It’s another of those “every other weeks off” in a policy I announced some months ago.
Once again I can’t resist the temptation to be “on the news”—or reasonably close to it—with some comments which I would rather not save for my next full-length column.
So herewith some comments on an event that ended Sunday and had the avid attention of uncounted millions of golf fans around the world; i.e., the British Open (or simply “The Open” as the Brits call it, with more than a touch of British ego).
By whatever name, the tournament presented great competititon and great contrast in the performance of the two best-known golfers involved—Phil Mickelson and Tiger Woods.
Weren’t Phil, Tiger Putting Same Greens?
Mickelson, one of the most popular golfers in the world, shot a final-day 66 while Woods was shooting 74. The final 72-hole spread between Mickelson and Woods was five strokes, and thus two very large groups of sports fans had cause to celebrate.
On the one hand there were Mickelson’s followers and on the other hand members of the “ABT” enthusiasts, rejoicing when “Anybody But Tiger” wins.
The primary reason for Tiger’s army of “ABT” golf fans is well known and need not be repeated here. But I might point out that Tiger did nothing to reduce the size of the crowd of “ABT” fans with his televised remarks after shooting a final-round 74, eight strokes more than Mickelson.
“I hit a lot of great shots,” Woods said, but had trouble putting the greens which had slowed from previous rounds.
As for Mickelson’s performance, Woods said: “He made a few putts.”
(Presumably Tiger and Phil were putting the same greens Sunday.)
Number Of Courses Beat Muirfield
A few thoughts about the praise which some television commentators heaped on the Muirfield course which was described as older than the fabled St. Andrews course, generally considered the cradle of golf. Muirfield was more than once described as the best links course in the world.
I have had two chances to play two rounds at Muirfield (on one of which I had the pleasant experience of driving so well that I never had to play out of that bushy knee-high rough). I enjoyed the rounds there—most of which were somewhere in the 80s as I recall.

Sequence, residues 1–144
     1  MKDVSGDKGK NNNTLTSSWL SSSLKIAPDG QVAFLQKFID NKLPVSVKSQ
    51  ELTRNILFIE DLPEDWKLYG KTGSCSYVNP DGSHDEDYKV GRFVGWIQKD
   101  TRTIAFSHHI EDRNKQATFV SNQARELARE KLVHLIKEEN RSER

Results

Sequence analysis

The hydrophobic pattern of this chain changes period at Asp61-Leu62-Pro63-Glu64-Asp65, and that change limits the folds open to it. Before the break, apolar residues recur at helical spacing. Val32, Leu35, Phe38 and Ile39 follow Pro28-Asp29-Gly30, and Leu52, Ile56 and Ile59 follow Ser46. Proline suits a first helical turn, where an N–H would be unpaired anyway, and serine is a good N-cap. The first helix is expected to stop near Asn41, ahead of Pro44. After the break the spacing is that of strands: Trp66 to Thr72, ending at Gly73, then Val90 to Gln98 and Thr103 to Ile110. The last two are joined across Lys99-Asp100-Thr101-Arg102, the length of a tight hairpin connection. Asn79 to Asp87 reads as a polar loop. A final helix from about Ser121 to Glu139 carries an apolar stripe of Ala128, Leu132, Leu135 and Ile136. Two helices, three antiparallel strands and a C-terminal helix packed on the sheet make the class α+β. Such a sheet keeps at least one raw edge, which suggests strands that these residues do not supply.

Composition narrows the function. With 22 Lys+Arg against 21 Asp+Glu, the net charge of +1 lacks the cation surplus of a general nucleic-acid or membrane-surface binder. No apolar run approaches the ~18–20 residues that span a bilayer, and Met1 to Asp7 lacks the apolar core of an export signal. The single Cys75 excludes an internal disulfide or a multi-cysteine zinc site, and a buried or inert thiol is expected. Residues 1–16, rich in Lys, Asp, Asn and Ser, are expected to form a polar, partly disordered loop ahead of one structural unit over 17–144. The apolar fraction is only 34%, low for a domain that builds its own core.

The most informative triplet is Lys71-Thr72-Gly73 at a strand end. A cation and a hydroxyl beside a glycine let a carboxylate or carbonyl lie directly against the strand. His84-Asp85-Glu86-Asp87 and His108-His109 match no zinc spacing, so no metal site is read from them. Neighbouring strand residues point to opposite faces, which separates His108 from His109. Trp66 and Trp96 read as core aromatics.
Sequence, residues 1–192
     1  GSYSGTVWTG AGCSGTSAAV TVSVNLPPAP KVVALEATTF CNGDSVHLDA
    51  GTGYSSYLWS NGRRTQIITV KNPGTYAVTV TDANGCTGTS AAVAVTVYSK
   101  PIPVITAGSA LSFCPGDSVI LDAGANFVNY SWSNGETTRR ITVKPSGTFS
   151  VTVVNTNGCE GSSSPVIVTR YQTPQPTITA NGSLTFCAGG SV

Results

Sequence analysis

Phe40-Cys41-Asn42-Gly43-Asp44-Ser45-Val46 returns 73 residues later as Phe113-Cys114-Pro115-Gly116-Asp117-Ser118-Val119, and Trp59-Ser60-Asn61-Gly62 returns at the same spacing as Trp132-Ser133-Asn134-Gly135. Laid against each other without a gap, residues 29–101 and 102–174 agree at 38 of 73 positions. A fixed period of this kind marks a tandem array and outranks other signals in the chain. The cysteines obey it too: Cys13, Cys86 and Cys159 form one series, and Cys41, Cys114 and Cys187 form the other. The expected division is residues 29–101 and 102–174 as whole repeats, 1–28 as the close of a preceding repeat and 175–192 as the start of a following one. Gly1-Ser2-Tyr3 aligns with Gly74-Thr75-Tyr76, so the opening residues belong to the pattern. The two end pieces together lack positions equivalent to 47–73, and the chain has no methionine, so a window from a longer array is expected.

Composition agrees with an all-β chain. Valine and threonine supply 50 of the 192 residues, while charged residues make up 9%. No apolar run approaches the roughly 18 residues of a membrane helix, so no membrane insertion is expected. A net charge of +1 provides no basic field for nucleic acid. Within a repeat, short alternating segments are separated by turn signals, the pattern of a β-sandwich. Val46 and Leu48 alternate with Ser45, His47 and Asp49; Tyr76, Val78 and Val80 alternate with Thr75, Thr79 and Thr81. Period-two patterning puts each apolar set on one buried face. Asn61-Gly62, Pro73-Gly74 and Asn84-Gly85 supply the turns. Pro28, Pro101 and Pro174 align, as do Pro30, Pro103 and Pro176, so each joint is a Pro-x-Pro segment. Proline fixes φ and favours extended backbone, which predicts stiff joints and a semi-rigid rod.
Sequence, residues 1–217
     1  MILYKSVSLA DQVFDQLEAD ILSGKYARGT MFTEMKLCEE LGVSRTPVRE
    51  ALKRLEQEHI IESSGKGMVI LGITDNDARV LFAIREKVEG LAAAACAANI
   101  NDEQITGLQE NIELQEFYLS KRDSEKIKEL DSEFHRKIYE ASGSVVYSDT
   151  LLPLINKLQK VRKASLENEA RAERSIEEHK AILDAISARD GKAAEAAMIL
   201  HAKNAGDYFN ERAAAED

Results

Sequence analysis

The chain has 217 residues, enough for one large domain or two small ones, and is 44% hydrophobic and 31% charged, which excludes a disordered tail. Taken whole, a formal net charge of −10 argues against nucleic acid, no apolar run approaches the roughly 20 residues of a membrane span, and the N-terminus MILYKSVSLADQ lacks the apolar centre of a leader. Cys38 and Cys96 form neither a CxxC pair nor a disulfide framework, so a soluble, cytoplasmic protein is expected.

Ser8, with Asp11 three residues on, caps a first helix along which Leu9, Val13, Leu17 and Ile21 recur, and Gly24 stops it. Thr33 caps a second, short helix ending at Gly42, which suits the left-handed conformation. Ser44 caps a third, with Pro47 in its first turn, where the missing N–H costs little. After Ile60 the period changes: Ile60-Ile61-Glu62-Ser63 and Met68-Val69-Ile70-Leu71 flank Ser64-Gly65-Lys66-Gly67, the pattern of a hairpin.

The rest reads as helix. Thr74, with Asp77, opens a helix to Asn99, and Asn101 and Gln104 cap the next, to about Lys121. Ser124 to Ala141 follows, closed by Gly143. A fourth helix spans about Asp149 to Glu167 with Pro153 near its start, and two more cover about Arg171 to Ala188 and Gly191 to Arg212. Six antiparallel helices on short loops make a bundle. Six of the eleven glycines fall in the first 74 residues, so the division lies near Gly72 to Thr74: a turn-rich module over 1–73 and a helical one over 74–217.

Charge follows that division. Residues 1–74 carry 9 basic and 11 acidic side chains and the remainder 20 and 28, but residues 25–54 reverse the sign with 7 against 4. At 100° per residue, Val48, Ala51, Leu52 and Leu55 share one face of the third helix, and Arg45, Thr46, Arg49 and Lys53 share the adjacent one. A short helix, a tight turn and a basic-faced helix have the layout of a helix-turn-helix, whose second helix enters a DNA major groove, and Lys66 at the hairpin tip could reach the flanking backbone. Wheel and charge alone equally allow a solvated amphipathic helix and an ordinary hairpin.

But to call Muirfield the best links golf course in the world overlooks such courses in Scotland as St. Andrews, Kingsbarns, Gullane No. 1 (a public course almost immediately adjacent to Muirfield), Turnberry, Royal Dornach, Nairn and Royal Portmarnock and Ballybunion and Royal County Down in Ireland.
All those courses offer a greater variety of shots and more pleasant landscape than the essentially flat Muirfield links.
In the United States, a growing number of “links-type” courses are being “laid on the land” in the tradition of the original Scottish links courses. The majority of such courses in the United States are being built on rangeland close to towns like Mullen and Valentine and Gothenburg in Nebraska.
And one of those Nebraska courses is the highest-rated links-type golf course in the world, the Sand Hills Golf Club 12 miles south of Mullen.
Nebraska Course Ranked 13th Best In World
Golf Digest Magazine rankings put Nebraska’s Sand Hills Golf Club—the brainchild of Dick Youngscap of Lincoln, designed by golf course architects Ben Crenshaw and Bill Corre—ninth best in the United States and 13th best in the world.
Let me make clear that it is not a ranking of links courses or links-type courses. That is a ranking of all golf courses.
The hilly terrain, the challenging greens, the natural sand traps, the knee-high brushy rough make the Sand Hills course challenging and enjoyable (usually).
And the friendly staff, the excellent food service and the “19th hole” barroom/dining room combine with the golf course to make a visit to Nebraska’s Sand Hills Golf Club a more enjoyable experience than any of my visits to the 15 or so links courses I have played in Scotland and Ireland
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